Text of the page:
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Has artificial intelligence ever been put to a more silly human endeavor? Gfycat said it is launching Gfycat AI to apply machine learning to improve animated GIFs (the silly moving images associated with Internet memes in the graphics interchange format, or GIF) with features like better face recognition and video game character identification.
Gfycat AI has three distinct machine learning projects: Maru, Felix, and Angora. They’re all named after cats, which are an Internet obsession.
Project Maru uses facial recognition technology to identify people in a GIF. So far Project Maru has identified and tagged over 3,000 celebrity faces in Gfycat’s GIF database, with over 1.2 million GIFs tagged. Gfycat uses an open source model with an accuracy of 99.38 percent on the standard LFW (“labeled faces in the wild”) face dataset.
Since gameplay GIFs are popular on Gfycat, Maru is also able to detect photorealistic video game characters, such as those from Overwatch. Maru can also identify when a GIF shows footage from a particular video game; for example, it’s able to accurately identify and tag GIFs of video games such as The Last of Us.
The tech behind Maru has applications beyond improved tagging and search results; for instance, analysis of facial recognition results can be used to determine which celebrities and public figures are trending.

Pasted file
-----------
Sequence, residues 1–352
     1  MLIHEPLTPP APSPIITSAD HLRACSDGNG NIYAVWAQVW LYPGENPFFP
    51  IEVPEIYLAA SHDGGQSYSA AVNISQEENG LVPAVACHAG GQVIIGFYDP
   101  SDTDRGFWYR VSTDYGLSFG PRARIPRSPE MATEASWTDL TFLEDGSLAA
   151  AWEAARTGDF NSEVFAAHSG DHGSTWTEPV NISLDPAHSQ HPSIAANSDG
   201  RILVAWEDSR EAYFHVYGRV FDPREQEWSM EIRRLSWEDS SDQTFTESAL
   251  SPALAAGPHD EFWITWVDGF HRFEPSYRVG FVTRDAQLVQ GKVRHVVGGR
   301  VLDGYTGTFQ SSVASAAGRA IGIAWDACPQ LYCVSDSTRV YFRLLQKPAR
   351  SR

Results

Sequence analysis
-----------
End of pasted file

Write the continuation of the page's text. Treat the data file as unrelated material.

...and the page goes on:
Gfycat performed an analysis of the most popular Overwatch characters on the platform and was able to gain insight into Overwatch fans’ viewing habits. Specifically, results from Gfycat AI show that Overwatch fans’ favorite characters to play are different from their favorite characters to watch. The top five played characters are a mix of male and female, while the top GIFfed characters are predominantly female.
D.Va, the No. 1 top GIFfed character, doesn’t even make it to the top five most played characters. Clearly users have different priorities when watching gameplay than they do when playing the game.
Project Felix extracts captions from a GIF to improve tagging and search. Many GIFs uploaded to Gfycat were originally created in a different software application, and in those cases, captions aren’t entered into the Gfycat database. Using the data gleaned from Felix, Gfycat is able to better understand the emotions and memes that are being shared at a given time. In the future, Gfycat will be able to also better understand score data and achievements from gaming-related GIFs.
“We’re excited about the possibilities opened by these innovative AI projects,” said Gfycat CEO Richard Rabbat, in a statement. “With the data we’re gathering from Gfycat AI, we’re able to gain more insights into user behavior, improve search results, and improve the quality of GIFs on the Internet.”
Project Angora uses machine learning to automatically search the web for low-quality GIFs and recreate them in HD with higher frame rates. Gfycat is capable of serving GIFs in up to 8K quality. But most GIFs are low-quality and only support 256 colors. When users find or create GIFs from other sources and upload them to Gfycat, often those GIFs are much lower quality than the platform is capable of.
Project Angora uses computer vision algorithms to locate the high-quality video source for low-quality GIFs. Once discovered it produces a significantly higher quality version with Gfycat’s HD GIF support. Project Angora uploads about 15,000 GIFs a day on Gfycat and has to date created 2 million high-quality GIFs available on the platform.
“As investors in two popular gaming companies, Twitch and Niantic, we at Alsop Louie are excited that Gfycat’s AI initiatives are shaping our understanding of how gaming fans interact with their favorite games,” said Ernestine Fu, partner at Alsop Louie Partners and Gfycat board director. “The results we’ve seen so far are just the beginning.”
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